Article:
US removes India, Switzerland from its Currency Monitoring List
· China, Japan Stay in the List
The Trump administration on Tuesday removed India from its currency monitoring list of major trading partners, citing certain developments and steps being taken by New Delhi addressing some of its major concerns. Switzerland is the other nation that has been removed from the list. However, the list includes China, Japan, South Korea, Germany, Italy, Ireland, Singapore, Malaysia and Vietnam among others.
India has been removed from the list after it met only one out of three criteria, necessary for inclusion on the monitoring list, — a significant bilateral surplus with the US — for two consecutive reports , the Treasury Department said in its latest semi-annual report on macroeconomic and foreign exchange policies of major trading partners of the US sent to the Congress.
After purchasing foreign exchange on net in 2017, the central bank steadily sold reserves for most of 2018, with net sales of foreign exchange reaching 1.7 per cent of GDP over the year, it said. India maintains ample reserves according to the IMF metrics for reserve adequacy, it said.
In both Switzerland and India, there was a notable decline in 2018 in the scale and frequency of foreign exchange purchases, the report said. Neither Switzerland nor India met the criteria for having engaged in persistent, one-sided intervention in either the October 2018 report or this report. Both the nations have been removed from the monitoring list, the Treasury said in its report running into over 40 pages.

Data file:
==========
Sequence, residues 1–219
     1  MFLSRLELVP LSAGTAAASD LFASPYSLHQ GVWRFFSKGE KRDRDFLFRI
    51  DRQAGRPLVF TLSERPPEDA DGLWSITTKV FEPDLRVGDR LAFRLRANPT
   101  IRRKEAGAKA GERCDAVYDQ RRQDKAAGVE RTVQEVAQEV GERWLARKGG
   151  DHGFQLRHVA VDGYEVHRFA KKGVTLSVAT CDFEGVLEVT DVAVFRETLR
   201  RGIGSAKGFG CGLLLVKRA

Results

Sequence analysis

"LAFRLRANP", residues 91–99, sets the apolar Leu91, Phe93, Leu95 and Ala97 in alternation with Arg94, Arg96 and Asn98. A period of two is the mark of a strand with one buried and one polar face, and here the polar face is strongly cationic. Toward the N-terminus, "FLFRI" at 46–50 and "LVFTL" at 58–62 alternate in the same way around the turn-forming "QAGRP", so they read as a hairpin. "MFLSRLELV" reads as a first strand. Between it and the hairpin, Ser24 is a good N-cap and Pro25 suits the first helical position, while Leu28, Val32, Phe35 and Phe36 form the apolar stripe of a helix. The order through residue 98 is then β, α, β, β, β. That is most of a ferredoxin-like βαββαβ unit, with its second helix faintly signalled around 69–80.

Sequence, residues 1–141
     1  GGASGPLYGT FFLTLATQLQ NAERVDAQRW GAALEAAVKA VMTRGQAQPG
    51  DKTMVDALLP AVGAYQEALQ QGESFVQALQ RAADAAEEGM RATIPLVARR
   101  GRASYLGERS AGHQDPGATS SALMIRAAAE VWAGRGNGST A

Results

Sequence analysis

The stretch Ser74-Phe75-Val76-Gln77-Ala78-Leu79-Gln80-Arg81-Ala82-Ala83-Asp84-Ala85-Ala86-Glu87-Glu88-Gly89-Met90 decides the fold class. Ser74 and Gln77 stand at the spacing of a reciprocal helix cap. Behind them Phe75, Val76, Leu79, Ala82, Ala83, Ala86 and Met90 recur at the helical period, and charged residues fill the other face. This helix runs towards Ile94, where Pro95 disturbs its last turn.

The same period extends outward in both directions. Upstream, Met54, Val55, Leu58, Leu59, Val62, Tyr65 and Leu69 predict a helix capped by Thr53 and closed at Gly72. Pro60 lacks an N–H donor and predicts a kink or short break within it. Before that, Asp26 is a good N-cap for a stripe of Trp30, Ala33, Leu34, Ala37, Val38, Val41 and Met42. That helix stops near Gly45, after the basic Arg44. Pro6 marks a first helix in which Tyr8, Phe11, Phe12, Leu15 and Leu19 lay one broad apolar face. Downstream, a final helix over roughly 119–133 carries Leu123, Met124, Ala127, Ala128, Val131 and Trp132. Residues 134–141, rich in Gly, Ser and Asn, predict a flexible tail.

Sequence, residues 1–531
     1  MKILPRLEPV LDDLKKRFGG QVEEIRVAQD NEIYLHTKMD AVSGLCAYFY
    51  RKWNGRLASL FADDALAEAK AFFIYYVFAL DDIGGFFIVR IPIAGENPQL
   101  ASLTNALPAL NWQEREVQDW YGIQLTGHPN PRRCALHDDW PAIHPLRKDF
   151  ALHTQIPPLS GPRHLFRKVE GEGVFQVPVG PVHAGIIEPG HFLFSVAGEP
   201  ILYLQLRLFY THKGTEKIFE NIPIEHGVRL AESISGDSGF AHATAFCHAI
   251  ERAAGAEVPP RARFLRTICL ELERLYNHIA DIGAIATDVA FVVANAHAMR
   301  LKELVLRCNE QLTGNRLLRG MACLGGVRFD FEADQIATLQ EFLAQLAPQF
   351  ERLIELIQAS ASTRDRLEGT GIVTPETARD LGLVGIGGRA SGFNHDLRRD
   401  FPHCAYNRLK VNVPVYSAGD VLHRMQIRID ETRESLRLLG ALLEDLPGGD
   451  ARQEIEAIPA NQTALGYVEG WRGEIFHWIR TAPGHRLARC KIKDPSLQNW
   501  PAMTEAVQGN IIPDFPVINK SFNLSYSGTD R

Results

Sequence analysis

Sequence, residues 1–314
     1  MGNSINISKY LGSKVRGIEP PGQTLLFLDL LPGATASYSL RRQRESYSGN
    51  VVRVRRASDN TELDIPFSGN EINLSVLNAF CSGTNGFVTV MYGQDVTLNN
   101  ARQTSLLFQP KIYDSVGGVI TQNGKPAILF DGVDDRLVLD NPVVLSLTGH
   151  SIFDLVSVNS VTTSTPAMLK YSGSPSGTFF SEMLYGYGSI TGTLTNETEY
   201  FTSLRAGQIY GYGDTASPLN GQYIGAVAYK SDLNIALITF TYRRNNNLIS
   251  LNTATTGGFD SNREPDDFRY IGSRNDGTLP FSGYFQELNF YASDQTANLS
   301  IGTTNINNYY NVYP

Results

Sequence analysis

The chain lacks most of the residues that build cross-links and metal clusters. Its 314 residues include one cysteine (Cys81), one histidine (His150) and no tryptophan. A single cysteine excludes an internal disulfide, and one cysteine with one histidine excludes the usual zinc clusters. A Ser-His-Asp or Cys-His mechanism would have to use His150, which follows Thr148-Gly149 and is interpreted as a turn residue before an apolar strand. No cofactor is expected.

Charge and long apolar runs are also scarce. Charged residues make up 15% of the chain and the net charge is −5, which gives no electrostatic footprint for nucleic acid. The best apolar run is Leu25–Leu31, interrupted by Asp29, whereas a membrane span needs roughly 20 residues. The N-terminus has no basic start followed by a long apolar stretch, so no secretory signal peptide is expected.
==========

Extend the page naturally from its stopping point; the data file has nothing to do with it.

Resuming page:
India for the first time was placed by the US in its currency monitoring list of countries with potentially questionable foreign exchange policies in May 2018 along with five other countries - China, Germany, Japan, South Korea and Switzerland.
In its next report in October 2018, the Treasury had said that India has made improvements and its name would be removed from the currency manipulation list in the next report. “India’s circumstances have shifted markedly, as the central bank’s net sales of foreign exchange over the first six months of 2018 led net purchases over the four quarters through June 2018 to fall to USD 4 billion, or 0.2 per cent of the GDP,” the Treasury had said in its October 2018 report.